Gallo comes to South Africa

So the big boys on the other side of the pond are coming to South Africa. Just Drinks (I didn’t read the full article because I am feeling frugal this morning and didn’t want to fork out 900 bucks to subscribe) reports that E & J Gallo Winerythe largest exporter of Californian wines – are bringing their Barefoot range to our shelves, with Namaqua Wines as the

It seems that the company has been restructuring and is now focusing on emerging markets. Drinks International reported that George Mardsen, Gallo’s outgoing vice president and general manager EMEA (Europe Middle East and Africa), said that “the election of Barack Obama as president has made South Africans very receptive to American products.”

Really? Hey Barack you’re America’s first black president and the majority of Africa’s black. Soooo give us some Californian wine. Sounds like bullshit to me. We’ve been buying American shit for ages without Barack Obama.

I think that as wine drinkers we definitely need more exposure to wines other than our own, but I am not sure if those wines need to be mass produced Californian ones. I understand that this is a business move and not some altruistic endeavour to improve South African palates, but the sole reason I see for people suiping on Barefoot wines is because they are foreign, and that this therefore somehow represents higher quality.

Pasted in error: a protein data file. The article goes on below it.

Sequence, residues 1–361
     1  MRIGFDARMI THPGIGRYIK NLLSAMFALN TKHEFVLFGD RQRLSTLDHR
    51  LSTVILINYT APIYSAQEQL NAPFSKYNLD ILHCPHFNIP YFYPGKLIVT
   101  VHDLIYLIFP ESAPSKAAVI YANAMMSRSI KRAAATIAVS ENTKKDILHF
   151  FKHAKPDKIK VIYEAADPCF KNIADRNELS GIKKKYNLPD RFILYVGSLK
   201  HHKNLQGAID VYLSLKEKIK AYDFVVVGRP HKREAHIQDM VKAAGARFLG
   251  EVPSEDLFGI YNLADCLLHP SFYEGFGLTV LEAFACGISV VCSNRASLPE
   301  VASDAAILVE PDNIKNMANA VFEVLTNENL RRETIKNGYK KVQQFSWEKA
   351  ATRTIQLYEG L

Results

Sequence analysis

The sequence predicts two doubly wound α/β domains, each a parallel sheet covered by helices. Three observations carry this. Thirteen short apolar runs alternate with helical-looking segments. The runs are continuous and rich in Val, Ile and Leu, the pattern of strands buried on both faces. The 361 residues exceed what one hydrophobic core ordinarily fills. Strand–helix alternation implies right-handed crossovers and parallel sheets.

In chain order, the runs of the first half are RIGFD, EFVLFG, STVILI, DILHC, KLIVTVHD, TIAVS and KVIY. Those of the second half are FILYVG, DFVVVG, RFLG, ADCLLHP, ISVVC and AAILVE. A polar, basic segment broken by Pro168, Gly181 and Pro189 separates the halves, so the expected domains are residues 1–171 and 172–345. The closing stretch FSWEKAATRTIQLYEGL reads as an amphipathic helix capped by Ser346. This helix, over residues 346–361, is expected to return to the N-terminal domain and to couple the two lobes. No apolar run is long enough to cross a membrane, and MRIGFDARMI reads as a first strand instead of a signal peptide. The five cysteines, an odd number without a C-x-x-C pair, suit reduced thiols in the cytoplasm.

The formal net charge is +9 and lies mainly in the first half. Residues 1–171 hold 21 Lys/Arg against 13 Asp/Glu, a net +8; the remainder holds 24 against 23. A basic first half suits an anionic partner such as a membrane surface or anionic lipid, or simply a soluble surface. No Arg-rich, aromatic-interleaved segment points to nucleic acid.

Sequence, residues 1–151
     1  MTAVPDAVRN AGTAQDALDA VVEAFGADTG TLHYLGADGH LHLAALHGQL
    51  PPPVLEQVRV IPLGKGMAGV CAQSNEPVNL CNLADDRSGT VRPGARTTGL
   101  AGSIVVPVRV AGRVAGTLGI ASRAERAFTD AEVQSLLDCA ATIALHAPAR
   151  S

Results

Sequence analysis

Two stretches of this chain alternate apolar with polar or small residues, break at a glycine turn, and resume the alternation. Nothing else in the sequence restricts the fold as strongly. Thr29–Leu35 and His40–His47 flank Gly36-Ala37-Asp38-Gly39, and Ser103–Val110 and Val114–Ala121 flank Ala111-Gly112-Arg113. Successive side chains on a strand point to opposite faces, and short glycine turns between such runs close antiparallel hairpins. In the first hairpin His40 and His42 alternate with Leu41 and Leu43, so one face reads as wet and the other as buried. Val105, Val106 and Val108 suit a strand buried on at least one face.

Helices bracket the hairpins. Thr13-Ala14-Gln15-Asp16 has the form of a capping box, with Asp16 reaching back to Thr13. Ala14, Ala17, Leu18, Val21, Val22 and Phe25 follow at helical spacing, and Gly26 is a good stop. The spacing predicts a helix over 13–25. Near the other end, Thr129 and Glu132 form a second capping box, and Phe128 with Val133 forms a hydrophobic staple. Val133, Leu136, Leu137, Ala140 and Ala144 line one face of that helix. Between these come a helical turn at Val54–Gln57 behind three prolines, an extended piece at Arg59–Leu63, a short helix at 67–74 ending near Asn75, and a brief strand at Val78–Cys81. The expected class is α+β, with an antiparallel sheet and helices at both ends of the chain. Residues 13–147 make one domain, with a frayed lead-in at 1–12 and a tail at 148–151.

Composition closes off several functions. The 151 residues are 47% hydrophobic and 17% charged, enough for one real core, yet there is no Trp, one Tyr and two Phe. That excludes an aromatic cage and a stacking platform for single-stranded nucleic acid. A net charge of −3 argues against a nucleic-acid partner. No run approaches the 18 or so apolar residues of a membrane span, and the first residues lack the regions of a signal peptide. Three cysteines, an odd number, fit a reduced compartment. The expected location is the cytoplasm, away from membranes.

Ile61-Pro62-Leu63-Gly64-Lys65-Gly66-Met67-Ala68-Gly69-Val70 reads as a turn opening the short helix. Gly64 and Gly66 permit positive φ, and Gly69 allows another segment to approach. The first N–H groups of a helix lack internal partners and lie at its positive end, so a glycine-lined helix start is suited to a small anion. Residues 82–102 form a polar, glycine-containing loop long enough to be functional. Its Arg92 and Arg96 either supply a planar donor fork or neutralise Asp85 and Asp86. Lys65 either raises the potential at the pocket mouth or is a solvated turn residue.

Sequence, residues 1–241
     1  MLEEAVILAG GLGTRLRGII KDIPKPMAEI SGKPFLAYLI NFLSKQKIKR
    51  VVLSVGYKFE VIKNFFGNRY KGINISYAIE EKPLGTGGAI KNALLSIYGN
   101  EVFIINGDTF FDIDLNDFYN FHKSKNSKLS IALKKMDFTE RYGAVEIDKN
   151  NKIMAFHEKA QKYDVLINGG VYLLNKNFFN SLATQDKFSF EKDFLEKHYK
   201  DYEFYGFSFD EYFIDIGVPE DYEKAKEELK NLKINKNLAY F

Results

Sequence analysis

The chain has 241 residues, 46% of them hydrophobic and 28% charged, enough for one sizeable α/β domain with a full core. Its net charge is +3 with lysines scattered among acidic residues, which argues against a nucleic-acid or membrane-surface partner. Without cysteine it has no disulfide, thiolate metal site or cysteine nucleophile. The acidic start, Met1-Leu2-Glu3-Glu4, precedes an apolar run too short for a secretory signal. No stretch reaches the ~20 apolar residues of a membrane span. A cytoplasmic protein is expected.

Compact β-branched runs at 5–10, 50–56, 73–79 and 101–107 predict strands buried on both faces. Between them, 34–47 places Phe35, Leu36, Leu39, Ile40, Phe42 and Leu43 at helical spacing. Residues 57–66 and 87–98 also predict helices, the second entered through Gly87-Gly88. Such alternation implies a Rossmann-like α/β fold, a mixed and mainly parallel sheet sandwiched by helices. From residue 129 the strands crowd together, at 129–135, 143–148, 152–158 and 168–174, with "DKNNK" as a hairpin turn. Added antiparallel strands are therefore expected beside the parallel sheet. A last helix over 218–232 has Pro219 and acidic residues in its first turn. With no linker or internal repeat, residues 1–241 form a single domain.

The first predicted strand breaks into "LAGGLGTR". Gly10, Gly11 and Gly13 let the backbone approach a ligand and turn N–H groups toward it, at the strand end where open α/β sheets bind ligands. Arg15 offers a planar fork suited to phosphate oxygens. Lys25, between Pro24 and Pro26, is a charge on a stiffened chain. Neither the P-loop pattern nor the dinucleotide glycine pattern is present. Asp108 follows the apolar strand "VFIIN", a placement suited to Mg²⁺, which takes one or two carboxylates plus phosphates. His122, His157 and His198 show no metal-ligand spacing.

I hope we have moved beyond the idea that things from ‘overseas’ are better. Shit, the biggest American exports I see are crappy fast-food and war. (OK that’s stretching it – just couldn’t help myself). I remember growing up and longing for Mc Donalds to come to our town. It did, and wow what a let down.

I foresee the same argument being applied to the Barfoot range as the one used to champion Coffee Pinotages. It goes:  The hoi poloi love coffee pinotage, but it’s not the best wine. Well, at least they are drinking wine. So this will be their ‘gateway’ wine; they will start here and before you know it they will be buying the Kanonkops, Cape Points and Boekenhoutskloofs of the world – not for image mind you, but for a love of wine. Hmmm, not sure how plausible that is. Although, admittedly, I might be building straw men here.

I can see this being used for the Californian wines. South Africans will develop a love for foreign wines by starting with the Barefoot range. I don’t buy that either.  Fostering an appreciation of wine doesn’t come from gimmicks, it comes from realising the differences between wines whether it be varieties, styles, vintages or places.